Government // Enterprise Architecture
12:00 AM

The 2-3-5 problem -- a first look at some solutions

When I described the 2-3-5 problem in my last post, I did not expect as many comments as I got. The first wave of comments was about the precise meaning of the words in the problem description, so I eventually re-described the problem using Dijkstra's original terms: Write a program that produces the elements of a sequence such that

  • 1 is an element of the sequence.
  • If n is an element of the sequence, then so are 2n, 3n, and 5n.
  • All elements of the sequence are determined in this way.

An alternative way to state the problem is that it is to find positive integers such that if n is a prime factor of one of these integers, then n is 2, 3, or 5. So, for example, 12 is an element of the sequence, because its only prime factors are 2 and 3 (even though 2 appears twice), but 14 is not an element because its prime factors include 7. Moreover, 1 is an element of the sequence under both definitions, because the fact that it has no prime factors at all means that it satisfies the condition "if n is a prime factor" vacuously for all values of n.

So far, the comments about my last post include three solutions; I would like to take a look at each of them.

One solution was claimed to be "obvious:"

for (int i = 1; true; i++) {
if (((i%2)%3)%5) == 0) print(i);

I'm usually suspicious when someone describes a solution to a problem as obvious, and this case is no exception. I'm not troubled by the fact that this program fragment never terminates, because it's intended as a sketch of a solution, not a complete solution. However, I am troubled by what I see when I try to figure out what values of i will be printed.

Here's the problem. The program divides i by 2 and takes the remainder. That remainder is either 0 (if i is even) or 1 (if i is odd). Once we have that remainder, we can repeat the process with any other divisors, and we will still get 0 if i is even and 1 if i is odd. So this program fragment prints all the positive even integers. In particular, it should never print 3 or 5, because they are not even. So this program cannot possibly be right.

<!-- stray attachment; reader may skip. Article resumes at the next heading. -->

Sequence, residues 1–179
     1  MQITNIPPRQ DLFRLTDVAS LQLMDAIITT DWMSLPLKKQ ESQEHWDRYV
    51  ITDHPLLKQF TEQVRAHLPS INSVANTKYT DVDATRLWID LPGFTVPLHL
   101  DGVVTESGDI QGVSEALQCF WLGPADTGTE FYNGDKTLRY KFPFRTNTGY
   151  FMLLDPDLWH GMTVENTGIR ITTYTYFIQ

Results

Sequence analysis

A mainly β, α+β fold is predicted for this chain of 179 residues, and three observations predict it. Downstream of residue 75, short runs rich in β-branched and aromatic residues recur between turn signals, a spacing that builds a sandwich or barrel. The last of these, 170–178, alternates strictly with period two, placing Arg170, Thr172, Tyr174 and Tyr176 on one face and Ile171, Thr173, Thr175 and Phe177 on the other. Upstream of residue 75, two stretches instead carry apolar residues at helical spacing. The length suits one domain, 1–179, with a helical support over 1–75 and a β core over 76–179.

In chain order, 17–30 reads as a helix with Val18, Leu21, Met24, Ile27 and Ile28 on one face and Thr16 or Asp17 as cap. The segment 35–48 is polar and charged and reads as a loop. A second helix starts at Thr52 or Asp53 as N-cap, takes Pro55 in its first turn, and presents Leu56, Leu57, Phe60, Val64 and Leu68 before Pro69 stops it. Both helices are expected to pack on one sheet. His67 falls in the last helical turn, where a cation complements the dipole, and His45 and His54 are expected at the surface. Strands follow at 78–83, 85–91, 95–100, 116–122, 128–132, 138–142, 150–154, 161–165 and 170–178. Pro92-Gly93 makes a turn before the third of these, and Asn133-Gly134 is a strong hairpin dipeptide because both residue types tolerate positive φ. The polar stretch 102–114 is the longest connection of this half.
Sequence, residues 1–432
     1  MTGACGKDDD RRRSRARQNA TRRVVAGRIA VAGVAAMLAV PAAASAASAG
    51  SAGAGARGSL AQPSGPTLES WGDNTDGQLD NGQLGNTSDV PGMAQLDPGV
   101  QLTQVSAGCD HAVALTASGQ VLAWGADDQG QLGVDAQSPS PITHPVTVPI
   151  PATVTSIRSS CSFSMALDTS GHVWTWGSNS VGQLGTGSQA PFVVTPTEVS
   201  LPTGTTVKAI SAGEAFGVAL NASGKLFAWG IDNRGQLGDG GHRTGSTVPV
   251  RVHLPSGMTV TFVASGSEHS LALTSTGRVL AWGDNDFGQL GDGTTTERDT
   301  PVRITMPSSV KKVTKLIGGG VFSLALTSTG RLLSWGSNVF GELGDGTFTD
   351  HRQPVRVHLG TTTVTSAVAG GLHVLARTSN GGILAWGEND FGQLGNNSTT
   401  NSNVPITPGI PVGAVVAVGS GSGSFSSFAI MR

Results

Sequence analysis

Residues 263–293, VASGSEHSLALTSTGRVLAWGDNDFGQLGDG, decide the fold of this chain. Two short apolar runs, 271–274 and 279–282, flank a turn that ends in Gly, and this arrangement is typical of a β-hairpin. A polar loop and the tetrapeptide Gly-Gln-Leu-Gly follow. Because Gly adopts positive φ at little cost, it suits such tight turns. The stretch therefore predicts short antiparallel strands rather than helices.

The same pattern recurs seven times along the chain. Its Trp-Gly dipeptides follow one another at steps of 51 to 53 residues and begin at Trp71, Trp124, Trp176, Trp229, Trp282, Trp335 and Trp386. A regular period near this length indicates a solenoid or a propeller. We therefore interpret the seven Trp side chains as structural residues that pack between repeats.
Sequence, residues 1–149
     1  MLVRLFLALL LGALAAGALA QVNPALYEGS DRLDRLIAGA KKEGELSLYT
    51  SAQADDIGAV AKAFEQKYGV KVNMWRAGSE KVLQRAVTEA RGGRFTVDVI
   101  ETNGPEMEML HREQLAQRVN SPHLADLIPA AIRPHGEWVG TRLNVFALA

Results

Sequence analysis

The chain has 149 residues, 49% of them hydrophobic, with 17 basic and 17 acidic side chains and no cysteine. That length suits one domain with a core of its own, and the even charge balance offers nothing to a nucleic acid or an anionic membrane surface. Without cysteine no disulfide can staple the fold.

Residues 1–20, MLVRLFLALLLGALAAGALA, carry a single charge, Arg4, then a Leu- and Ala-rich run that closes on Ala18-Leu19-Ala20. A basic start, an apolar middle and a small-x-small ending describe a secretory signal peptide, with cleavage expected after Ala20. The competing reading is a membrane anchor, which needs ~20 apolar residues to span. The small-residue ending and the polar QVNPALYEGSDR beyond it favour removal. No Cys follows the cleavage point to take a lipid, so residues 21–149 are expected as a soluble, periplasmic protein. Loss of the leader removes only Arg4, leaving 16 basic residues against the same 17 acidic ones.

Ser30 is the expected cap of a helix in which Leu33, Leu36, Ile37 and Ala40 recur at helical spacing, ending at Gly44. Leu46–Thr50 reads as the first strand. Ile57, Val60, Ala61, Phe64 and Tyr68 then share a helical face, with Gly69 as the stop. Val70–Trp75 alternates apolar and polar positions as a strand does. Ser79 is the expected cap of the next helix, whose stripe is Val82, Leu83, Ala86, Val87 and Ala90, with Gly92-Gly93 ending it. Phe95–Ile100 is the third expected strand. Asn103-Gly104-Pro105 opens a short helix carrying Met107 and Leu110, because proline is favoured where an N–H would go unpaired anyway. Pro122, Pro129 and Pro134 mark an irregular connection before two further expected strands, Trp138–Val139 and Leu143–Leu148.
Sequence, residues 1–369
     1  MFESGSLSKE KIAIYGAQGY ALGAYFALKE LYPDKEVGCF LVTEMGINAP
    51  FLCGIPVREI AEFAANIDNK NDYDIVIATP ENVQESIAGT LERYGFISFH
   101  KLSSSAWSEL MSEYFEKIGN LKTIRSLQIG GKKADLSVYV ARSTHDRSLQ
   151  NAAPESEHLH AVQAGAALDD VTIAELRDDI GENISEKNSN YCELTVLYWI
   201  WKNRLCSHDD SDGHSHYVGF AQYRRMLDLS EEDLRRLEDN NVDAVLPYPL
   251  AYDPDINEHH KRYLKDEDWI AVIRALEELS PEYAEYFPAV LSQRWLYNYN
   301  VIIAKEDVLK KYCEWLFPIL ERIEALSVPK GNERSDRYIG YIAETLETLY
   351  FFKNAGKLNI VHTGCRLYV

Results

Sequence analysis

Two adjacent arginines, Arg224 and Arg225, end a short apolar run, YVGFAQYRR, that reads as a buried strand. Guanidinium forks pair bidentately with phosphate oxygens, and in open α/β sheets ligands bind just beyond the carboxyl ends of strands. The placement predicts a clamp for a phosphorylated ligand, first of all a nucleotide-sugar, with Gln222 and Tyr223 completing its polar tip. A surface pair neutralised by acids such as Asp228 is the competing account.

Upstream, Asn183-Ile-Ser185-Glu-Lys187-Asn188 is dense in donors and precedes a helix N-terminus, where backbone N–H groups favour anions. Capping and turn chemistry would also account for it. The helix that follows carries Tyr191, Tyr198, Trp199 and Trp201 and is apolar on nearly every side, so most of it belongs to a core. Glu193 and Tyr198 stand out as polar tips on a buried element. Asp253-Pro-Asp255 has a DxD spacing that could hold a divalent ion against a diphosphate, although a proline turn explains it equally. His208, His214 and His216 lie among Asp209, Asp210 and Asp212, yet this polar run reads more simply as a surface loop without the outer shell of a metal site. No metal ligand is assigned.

The next solution uses a large boolean array. Each element of the array is initially false. The program then does the following:

array[1] = true;

for (int i = 2; i < arraysize; i += 2) array[i] = true;
for (int i = 3; i < arraysize; i += 3) array[i] = true;
for (int i = 5; i < arraysize; i += 5) array[i] = true;

after which the program's author claims that the true elements of the array correspond to the elements of the result sequence. So, for example, 5 is one of the results, a fact that is reflected by array[5] being true.

Unfortunately, this solution doesn't work either. The problem that it solves is to find every number that has 2, 3, or 5 among its prime factors, and the problem that we were trying to solve was to find numbers that have 2, 3, and 5 as their prime factors and have no other prime factors. So, for example, this program will include 14 as part of its output, but it should not do so because 14 has both 2 and 7 as prime factors.

Which brings us to the third solution:

int i = n;
while ((i % 2) == 0) i /= 2;
while ((i % 3) == 0) i /= 3;
while ((i % 5) == 0) i /= 5;
if (i == 1) print(n);

This solution looks right to me. It removes 2, 3, and 5 as prime factors (by dividing n by each of these numbers as many times as it can--which might be zero times), and then checks whether what is left is 1. If the final value of i is 1, it means that n had no other prime factors, so n is part of the result sequence.

Of course, this solution takes progressively longer to run as the values of n increase. Therefore, the solution raises a new question: Is there a way to make the program run more quickly? If so, is it worthwhile to do so?

I will address these questions in a future post.

Comment  | 
Print  | 
More Insights
Register for InformationWeek Newsletters
White Papers
Current Issue
InformationWeek Tech Digest August 03, 2015
The networking industry agrees that software-defined networking is the way of the future. So where are all the deployments? We take a look at where SDN is being deployed and what's getting in the way of deployments.
Twitter Feed
InformationWeek Radio
Sponsored Live Streaming Video
Everything You've Been Told About Mobility Is Wrong
Attend this video symposium with Sean Wisdom, Global Director of Mobility Solutions, and learn about how you can harness powerful new products to mobilize your business potential.